Charlie Riedel / AP
Republican presidential candidate, Texas Gov. Rick Perry speaks during a campaign stop at the Main Street Cafe in Council Bluffs, Iowa, on Tuesday.
After failing to secure a spot in Virginia's presidential primary, the presidential campaign of Gov. Rick Perry on Tuesday filed a federal court challenge to the state's stringent ballot access rules.
Perry was one of several candidates, including Newt Gingrich, who failed to gather 10,000 individual voters' signatures by Friday's deadline.
"We believe that the Virginia provisions unconstitutionally restrict the rights of candidates and voters by severely restricting access to the ballot, and we hope to have those provisions overturned or modified to provide greater ballot access to Virginia voters and the candidates seeking to earn their support," said Perry communications director Ray Sullivan in a statement.
Perry's lawsuit challenges the constitutionality of a state law that says those who circulate petitions to get a candidate on the ballot must be eligible, or registered, to vote in the state. Perry claims that requirement violates his freedom of speech and association.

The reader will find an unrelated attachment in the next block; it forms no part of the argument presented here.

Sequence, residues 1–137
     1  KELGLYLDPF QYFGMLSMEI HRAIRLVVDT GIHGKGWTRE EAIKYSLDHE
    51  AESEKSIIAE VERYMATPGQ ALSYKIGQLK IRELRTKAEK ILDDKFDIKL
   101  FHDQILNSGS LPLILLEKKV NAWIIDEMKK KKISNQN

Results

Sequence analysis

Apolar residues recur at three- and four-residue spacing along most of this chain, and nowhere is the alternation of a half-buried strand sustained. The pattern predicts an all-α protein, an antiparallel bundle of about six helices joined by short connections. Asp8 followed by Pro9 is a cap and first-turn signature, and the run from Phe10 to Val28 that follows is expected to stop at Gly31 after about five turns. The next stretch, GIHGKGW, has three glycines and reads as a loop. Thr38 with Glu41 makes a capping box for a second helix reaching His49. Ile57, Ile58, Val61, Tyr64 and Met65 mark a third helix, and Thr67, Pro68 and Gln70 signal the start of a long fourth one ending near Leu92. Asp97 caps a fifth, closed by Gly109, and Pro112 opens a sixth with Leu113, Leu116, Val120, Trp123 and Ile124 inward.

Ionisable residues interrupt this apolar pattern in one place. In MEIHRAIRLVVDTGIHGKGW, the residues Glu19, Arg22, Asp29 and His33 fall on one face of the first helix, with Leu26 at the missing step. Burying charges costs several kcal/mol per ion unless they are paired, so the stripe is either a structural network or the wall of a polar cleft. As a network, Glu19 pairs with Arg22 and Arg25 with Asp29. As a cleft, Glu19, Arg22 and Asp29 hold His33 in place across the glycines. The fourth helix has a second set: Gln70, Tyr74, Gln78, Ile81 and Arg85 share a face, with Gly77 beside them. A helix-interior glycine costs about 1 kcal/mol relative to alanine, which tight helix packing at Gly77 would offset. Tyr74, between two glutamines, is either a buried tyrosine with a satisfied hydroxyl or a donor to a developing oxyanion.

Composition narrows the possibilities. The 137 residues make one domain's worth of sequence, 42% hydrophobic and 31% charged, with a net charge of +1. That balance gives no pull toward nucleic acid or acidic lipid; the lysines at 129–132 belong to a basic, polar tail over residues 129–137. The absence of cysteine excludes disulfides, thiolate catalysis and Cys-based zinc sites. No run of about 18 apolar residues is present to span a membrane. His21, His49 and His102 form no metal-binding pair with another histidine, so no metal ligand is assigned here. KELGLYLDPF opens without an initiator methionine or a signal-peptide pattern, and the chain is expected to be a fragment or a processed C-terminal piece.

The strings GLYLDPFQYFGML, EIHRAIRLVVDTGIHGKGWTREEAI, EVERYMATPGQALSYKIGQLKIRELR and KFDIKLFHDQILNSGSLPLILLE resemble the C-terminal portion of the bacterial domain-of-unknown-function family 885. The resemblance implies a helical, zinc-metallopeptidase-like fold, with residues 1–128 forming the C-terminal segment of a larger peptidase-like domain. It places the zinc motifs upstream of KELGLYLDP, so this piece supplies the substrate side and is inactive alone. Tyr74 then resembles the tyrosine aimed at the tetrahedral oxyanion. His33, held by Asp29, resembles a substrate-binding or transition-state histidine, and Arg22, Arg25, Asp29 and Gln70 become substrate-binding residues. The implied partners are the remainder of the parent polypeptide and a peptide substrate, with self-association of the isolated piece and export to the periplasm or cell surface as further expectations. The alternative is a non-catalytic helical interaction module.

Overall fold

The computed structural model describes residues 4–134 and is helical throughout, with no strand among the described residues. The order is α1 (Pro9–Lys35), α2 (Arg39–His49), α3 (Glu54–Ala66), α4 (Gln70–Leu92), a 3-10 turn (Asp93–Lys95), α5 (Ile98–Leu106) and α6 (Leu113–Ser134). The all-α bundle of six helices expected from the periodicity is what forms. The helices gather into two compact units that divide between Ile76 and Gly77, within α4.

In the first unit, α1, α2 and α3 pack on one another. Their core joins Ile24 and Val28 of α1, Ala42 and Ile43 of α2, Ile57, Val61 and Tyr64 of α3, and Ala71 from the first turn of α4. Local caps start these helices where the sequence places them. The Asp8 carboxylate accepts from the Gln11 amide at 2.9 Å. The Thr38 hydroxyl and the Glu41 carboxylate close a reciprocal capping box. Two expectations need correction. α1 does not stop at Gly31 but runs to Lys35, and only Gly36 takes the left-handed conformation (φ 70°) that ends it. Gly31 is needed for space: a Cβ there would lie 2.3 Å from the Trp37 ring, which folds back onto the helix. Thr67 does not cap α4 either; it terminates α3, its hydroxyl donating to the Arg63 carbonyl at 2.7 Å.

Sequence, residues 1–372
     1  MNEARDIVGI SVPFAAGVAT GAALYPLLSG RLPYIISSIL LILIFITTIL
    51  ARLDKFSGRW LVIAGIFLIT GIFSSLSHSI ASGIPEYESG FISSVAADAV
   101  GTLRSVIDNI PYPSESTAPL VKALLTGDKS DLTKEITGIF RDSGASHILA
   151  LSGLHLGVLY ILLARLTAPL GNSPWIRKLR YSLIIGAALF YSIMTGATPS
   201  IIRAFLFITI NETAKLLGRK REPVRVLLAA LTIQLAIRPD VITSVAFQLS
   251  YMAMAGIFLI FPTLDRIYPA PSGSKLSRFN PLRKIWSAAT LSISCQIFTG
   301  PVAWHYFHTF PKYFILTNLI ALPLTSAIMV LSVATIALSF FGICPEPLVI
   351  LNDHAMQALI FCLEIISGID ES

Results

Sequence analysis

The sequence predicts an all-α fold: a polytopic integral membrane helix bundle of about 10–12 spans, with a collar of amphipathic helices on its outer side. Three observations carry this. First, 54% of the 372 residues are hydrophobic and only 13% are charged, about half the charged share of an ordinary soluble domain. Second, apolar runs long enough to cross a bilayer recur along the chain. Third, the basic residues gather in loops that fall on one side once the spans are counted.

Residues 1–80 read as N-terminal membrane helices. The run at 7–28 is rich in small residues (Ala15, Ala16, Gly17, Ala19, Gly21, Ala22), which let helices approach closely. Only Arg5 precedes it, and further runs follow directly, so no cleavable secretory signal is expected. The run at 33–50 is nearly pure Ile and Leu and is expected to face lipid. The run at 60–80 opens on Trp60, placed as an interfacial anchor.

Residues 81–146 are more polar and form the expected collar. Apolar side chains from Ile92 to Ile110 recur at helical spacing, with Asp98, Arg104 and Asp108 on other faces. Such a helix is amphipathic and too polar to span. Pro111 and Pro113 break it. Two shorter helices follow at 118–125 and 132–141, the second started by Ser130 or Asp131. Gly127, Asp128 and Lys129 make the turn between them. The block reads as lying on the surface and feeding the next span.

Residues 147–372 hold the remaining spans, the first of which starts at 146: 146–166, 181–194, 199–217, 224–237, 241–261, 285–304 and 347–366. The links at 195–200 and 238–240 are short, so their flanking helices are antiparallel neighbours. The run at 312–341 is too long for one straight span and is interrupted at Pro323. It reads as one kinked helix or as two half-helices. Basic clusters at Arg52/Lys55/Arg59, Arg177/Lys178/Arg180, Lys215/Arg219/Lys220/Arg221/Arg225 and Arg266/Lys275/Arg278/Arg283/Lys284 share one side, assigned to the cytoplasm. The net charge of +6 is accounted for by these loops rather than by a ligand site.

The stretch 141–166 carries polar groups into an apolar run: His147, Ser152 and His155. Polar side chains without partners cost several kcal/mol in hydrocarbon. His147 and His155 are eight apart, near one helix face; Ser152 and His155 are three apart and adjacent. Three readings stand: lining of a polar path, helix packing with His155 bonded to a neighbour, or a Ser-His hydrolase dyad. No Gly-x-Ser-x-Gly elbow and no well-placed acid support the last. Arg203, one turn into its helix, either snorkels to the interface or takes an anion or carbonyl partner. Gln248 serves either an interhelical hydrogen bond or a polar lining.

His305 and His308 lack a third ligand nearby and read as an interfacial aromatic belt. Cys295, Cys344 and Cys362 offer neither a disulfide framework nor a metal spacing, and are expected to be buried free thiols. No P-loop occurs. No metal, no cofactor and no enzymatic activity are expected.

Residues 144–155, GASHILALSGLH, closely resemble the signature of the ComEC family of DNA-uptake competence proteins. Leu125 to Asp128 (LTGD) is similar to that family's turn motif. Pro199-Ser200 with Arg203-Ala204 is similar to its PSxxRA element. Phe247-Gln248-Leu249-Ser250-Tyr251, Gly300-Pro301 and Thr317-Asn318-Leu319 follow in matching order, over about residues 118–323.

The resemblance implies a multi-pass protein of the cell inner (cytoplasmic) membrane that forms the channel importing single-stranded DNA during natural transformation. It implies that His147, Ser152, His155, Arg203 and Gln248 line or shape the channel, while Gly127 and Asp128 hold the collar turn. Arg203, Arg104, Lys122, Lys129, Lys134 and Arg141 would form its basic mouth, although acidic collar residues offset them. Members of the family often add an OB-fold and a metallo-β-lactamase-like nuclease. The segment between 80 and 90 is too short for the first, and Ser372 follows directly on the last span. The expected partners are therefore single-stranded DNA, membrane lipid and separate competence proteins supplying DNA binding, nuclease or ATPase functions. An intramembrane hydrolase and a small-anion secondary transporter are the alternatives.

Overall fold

He also challenges another provision of Virginia law that requires that a portion of signatures for statewide candidates must come from each congressional district in the state. Those signers must attest that they intended to vote in the primary of the candidate's political party.
Perry's campaign notes that other states' laws similar to Virginia's ban on out-of-state petition circulators have been struck down by federal courts.
One of the nation's leading experts on election law predicted tough going for Perry's challenge.
"Such a suit now faces long odds, both legally and politically," said Prof. Rick Hasen of the University of California at Irvine Schoool of law.
The initial hurdle, Hasen explained, is the failure to bring suit before filing time. "This is an emergency of Perry's (and Gingrich's) own making. Surely they knew of the requirement earlier," he said.
Hasen said the federal courts have reached mixed decisions on residency requirements for petition circulators.
Sullivan told NBC News on Friday that the campaign planned to review "the facts and the law to determine whether an appeal or challenge is warranted."
In a statement released to press Tuesday, the Perry campaign argued that the Virginia rules are "onerous" and deny both candidates and voters their 1st and 14th amendment rights "to meaningfully participate in the political process."
The Virginia contest is scheduled for March 6.
NBC News justice correspondent Pete Williams reported from Washington. NBC News correspondent Carrie Dann reported from Osceola, Iowa.